Detection of the adulteration of extra virgin olive oil by near-infrared spectroscopy and chemometric techniques


Due to the value of extra virgin olive oil (EVOO), adulteration has become an important issue in the industry, which has created demand for quick and inexpensive fraud detection testing. In contrast to many current food fraud detection methods, near-infrared spectroscopy (NIRS) can be inexpensive and convenient by minimizing sample preparation and measurement times. In this study, we developed a method using NIRS and chemometrics to detect adulteration of EVOO with other edible oil types that does not require sample preparation and can be completed in less than 10 min. First, a single EVOO was adulterated with corn oil from 2.7% to 25% w/w. Spectra for the unadulterated sample and its adulterated counterparts were measured. A principal component analysis (PCA) scores plot showed separation between the adulterated mixtures and the unadulterated sample, which demonstrated that the developed method could detect as low as 2.7% w/w adulteration if an unadulterated sample of the oil in question is provided. To study adulteration detection without an unadulterated sample for reference, the spectra of unadulterated samples and samples adulterated with corn, sunflower, soybean, and canola oils were measured. A PCA with soft independent modelling of class analogy was used for adulteration detection. Lower limits of adulteration detection for corn, sunflower, soybean, and canola oils were found to be approximately 20%, 20%, 15%, and 10%, respectively. These results demonstrate that the developed method can be used to rapidly screen for adulterated olive oils.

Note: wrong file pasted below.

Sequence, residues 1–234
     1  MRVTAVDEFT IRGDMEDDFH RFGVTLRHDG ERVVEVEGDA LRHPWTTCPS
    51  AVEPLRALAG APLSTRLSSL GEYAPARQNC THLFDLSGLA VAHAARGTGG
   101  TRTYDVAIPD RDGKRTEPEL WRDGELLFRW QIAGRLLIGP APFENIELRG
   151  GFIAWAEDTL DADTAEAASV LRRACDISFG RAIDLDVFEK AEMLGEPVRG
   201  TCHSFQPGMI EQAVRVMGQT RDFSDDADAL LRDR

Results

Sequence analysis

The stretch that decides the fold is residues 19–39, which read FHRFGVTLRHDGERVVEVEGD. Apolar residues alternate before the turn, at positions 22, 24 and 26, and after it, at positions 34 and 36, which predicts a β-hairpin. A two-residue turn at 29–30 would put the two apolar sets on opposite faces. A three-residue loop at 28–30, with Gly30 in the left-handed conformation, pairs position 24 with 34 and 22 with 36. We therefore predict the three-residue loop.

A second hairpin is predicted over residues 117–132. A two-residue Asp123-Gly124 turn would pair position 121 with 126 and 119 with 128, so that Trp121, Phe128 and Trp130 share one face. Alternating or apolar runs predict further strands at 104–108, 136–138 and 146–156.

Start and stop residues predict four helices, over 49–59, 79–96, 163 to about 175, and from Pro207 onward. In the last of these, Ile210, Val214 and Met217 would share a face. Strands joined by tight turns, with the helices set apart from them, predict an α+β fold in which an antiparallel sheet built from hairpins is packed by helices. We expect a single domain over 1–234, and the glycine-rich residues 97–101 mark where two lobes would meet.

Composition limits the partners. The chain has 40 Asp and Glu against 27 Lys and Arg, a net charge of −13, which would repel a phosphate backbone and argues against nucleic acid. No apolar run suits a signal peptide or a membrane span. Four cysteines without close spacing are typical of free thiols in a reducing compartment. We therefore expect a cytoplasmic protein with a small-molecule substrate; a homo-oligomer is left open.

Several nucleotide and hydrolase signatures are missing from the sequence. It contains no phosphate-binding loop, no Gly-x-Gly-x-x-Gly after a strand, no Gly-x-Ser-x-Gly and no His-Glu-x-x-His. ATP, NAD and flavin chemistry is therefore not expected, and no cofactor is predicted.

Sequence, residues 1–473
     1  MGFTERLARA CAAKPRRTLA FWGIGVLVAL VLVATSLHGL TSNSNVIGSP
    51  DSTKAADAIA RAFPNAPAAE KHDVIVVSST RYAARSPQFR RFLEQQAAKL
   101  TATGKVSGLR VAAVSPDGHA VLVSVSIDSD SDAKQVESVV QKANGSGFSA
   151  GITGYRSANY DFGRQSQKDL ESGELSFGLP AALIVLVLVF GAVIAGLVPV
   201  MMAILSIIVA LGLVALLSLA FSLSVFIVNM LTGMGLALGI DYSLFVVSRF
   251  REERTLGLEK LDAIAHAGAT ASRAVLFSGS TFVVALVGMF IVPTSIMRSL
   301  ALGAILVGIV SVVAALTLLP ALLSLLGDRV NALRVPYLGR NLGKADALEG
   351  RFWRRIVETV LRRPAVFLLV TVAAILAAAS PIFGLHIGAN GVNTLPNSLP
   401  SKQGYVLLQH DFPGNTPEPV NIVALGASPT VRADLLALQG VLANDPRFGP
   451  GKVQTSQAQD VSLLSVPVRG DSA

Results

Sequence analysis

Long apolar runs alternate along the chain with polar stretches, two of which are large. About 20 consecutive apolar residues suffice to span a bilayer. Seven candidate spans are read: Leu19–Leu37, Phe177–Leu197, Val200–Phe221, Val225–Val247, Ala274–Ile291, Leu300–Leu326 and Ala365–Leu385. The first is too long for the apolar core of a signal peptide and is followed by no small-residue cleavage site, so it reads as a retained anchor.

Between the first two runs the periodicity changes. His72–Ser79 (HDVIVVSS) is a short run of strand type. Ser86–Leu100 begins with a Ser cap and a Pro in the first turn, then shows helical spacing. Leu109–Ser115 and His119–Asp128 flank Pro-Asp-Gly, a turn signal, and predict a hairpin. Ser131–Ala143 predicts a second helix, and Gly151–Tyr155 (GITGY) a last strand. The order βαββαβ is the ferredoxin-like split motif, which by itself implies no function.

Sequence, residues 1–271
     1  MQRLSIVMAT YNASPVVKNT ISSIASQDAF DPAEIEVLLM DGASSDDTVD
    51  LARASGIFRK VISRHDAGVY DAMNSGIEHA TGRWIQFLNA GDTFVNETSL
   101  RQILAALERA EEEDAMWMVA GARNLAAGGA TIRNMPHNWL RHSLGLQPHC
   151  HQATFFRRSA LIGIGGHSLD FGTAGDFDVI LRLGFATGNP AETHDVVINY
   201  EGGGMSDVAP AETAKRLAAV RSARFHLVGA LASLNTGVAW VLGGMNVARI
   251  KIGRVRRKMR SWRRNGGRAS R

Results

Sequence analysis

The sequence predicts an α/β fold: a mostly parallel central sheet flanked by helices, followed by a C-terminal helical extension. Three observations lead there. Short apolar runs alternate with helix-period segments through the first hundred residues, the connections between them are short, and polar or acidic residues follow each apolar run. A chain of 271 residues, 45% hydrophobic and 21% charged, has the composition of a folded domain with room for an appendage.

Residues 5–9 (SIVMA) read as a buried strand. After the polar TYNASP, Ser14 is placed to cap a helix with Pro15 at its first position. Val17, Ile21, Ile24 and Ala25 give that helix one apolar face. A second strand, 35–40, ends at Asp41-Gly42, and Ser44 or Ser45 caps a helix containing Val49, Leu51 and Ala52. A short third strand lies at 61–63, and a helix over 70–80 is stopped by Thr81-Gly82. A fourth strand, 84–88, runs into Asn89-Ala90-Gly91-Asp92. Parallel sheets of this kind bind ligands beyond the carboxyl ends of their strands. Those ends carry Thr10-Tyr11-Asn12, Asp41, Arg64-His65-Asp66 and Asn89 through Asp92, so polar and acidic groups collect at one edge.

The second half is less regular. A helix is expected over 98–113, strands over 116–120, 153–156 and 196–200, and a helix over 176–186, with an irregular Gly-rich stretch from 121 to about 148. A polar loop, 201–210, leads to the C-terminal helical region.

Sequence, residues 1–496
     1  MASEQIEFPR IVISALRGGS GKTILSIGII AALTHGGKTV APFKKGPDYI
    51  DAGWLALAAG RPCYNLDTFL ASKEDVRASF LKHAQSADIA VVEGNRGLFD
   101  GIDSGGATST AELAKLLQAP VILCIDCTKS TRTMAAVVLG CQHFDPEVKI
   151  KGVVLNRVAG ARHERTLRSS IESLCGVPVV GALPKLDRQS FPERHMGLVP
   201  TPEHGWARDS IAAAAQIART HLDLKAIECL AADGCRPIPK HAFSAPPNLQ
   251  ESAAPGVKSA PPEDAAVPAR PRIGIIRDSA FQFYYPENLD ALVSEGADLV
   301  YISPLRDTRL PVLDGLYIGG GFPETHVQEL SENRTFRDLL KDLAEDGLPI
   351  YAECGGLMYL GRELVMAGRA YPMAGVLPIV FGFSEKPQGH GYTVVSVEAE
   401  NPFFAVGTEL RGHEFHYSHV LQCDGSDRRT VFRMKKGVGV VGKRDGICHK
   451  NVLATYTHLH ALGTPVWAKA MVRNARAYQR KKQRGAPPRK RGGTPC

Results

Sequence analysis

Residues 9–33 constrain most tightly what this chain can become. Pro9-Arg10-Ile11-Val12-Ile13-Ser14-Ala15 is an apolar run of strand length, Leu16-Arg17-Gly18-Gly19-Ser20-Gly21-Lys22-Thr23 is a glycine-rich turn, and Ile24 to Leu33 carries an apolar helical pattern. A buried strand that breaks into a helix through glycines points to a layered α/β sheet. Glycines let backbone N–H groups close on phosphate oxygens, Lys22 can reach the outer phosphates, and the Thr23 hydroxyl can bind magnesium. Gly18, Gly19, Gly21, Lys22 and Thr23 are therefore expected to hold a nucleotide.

Food Quality and Safety